Oakland, Calif. October 4, 2016 – A report released today analyzing chemicals used in California oilfields sheds new light on risks to food and wildlife from oil and gas wastewater that is used for irrigation. The report, written by scientists from the University of California, Berkeley, the Lawrence Berkeley National Laboratory, the University of the Pacific and the nonprofit PSE Healthy Energy, found that among the chemicals used in California oil operations are numerous compounds known to cause cancer, reproductive health problems, air pollution and/or other serious health or environmental threats.

“Californians deserve safe food produced without toxic wastewater. This report calls into question the industry’s practice of disposing their waste on our food,” said Michael Green, CEO of the Center for Environmental Health, a national nonprofit health watchdog group that has called on Governor Brown to suspend the use of oil wastewater on crops.

The report looked at two sets of oil and gas data; the first was from an order by the Central Valley Regional Water Quality Control Board demanding chemical disclosure from Chevron, Valley Water Management, and five other oil and gas companies. Out of 107 chemicals identified by the researchers from this information request, at least ten have been identified as carcinogens, eight are listed under California law as chemicals known to cause cancer or reproductive health problems, and eight are listed by the U.S. EPA’s National Primary Drinking Water Standards (NPDWS) and Advisory Chemicals list. Thirty-nine of the chemicals are classified as substances that pose a significant hazard to aquatic environments. Fifteen chemicals were found to be resistant to biodegradation or not biodegradable.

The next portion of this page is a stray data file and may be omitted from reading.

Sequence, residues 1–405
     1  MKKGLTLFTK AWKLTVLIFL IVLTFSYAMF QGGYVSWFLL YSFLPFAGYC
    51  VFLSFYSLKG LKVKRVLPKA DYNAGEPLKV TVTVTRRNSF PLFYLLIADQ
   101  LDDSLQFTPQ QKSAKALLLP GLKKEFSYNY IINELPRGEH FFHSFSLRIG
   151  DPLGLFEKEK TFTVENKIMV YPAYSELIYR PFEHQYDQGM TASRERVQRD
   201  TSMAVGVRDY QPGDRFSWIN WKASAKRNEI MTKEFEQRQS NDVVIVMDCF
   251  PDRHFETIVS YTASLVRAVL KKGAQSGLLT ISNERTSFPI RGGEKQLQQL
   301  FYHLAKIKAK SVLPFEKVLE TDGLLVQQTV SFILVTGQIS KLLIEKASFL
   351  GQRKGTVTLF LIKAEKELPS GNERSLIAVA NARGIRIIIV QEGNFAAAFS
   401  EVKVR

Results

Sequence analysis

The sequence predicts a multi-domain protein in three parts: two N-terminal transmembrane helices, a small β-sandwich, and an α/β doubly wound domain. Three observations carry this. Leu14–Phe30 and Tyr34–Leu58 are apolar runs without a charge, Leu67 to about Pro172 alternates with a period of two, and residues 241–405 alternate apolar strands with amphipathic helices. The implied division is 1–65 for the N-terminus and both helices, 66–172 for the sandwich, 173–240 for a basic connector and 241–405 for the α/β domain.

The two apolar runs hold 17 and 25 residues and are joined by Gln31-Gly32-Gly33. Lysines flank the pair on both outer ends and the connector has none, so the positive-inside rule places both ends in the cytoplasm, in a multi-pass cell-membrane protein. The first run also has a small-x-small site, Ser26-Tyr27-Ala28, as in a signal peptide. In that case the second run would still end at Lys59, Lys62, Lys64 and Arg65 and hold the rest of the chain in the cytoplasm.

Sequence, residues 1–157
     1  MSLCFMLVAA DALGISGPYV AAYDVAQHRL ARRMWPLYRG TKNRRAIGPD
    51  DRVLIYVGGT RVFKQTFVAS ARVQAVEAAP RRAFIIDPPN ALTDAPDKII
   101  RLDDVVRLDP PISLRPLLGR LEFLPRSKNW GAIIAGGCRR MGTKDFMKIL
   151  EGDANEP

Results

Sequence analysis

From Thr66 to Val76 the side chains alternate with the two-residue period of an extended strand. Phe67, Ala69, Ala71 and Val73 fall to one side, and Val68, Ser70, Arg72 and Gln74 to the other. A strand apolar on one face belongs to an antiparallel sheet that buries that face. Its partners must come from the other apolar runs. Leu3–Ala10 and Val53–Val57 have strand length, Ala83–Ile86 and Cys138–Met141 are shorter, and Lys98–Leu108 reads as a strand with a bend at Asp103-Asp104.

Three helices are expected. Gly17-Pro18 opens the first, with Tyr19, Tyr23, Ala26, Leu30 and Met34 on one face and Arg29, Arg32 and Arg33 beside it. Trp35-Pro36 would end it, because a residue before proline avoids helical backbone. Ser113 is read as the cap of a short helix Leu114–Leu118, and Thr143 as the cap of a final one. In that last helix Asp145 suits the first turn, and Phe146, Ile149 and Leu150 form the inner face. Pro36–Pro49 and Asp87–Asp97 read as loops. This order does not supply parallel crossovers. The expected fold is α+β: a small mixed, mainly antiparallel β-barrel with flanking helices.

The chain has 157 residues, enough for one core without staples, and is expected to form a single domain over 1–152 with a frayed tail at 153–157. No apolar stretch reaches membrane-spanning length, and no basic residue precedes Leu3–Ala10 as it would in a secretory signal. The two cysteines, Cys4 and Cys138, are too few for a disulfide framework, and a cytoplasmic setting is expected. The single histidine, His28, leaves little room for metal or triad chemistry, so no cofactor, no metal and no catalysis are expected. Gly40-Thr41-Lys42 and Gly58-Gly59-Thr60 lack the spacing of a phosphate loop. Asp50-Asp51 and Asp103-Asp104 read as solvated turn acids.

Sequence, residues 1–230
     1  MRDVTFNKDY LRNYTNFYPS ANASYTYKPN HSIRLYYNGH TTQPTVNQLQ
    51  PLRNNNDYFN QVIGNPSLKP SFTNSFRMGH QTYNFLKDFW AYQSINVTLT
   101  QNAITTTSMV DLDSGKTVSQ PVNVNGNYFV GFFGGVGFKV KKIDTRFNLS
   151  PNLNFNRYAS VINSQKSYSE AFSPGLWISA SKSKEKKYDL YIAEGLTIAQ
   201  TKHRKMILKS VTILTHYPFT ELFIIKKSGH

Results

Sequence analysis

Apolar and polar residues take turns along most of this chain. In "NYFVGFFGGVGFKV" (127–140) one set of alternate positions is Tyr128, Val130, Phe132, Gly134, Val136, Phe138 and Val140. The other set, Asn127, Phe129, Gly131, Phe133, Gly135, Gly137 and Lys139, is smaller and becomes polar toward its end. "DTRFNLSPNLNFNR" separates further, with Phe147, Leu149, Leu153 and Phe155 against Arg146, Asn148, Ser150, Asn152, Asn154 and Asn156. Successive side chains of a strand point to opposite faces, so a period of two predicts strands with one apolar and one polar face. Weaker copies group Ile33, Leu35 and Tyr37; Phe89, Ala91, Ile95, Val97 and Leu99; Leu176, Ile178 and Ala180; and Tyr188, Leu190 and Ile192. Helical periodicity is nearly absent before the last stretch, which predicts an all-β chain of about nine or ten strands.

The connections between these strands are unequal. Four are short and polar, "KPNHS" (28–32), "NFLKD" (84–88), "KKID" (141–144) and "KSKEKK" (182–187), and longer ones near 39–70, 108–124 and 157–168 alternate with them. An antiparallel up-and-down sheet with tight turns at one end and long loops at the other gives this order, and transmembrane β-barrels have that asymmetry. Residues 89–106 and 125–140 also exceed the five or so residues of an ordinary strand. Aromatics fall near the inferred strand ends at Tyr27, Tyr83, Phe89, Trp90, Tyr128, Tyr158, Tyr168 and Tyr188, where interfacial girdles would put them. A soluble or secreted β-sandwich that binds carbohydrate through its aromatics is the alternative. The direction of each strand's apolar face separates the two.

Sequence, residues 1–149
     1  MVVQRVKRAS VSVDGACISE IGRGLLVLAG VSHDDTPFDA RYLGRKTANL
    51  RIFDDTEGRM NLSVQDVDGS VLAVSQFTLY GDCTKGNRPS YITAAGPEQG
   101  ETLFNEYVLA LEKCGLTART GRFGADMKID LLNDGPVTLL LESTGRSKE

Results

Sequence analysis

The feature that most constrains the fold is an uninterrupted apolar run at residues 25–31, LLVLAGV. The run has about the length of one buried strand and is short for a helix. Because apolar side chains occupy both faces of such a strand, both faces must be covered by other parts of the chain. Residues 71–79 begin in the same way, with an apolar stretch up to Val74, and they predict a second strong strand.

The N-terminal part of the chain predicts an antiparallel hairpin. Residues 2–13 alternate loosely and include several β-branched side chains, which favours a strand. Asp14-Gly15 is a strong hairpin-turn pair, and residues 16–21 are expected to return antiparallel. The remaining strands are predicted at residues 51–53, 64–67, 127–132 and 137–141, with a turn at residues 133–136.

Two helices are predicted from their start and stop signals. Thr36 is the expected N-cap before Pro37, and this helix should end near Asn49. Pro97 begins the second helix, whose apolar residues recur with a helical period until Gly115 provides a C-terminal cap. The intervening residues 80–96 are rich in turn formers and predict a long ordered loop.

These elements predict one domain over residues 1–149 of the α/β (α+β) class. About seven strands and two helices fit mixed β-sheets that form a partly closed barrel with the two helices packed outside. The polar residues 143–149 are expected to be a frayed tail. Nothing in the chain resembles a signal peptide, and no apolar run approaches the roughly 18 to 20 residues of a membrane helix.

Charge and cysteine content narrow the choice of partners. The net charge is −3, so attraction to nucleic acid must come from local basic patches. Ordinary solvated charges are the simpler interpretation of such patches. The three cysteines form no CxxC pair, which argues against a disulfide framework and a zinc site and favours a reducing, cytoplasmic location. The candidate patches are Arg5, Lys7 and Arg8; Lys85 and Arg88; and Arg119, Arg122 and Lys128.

In the other data set, from a list of chemicals approved by Chevron and California Resources Corporation (CRC) for use in their oil and gas operations that provide produced water for irrigation, 72 chemicals were identified. Of these, eight are listed in California as known to cause cancer or serious reproductive health problems, eight are on the U.S. EPA’s National Primary Drinking Water Standards (NPDWS) and Advisory Chemicals list, and three are non-biodegradable.

The report’s preliminary analysis of chemicals used in oil and gas operations support concerns raised by health, environmental, farm and consumer groups from throughout the state that not enough is known about using oil and gas wastewater for crop irrigation. As noted in a recent op-ed, state regulators do not adequately test wastewater for all of the 450 chemicals that may be used in oil production.  Since the drought, the use of wastewater for irrigation has increased dramatically, and last year California Resources Corp., the state’s largest oil company, said it would quadruple the amount of water it sells to farmers.

Today’s report, “Hazard Assessment of Chemical Additives Used in Oil Fields that Reuse Produced Water for Agricultural Irrigation, Livestock Watering, and Groundwater Recharge in The San Joaquin Valley of California: Preliminary Results” is available online.

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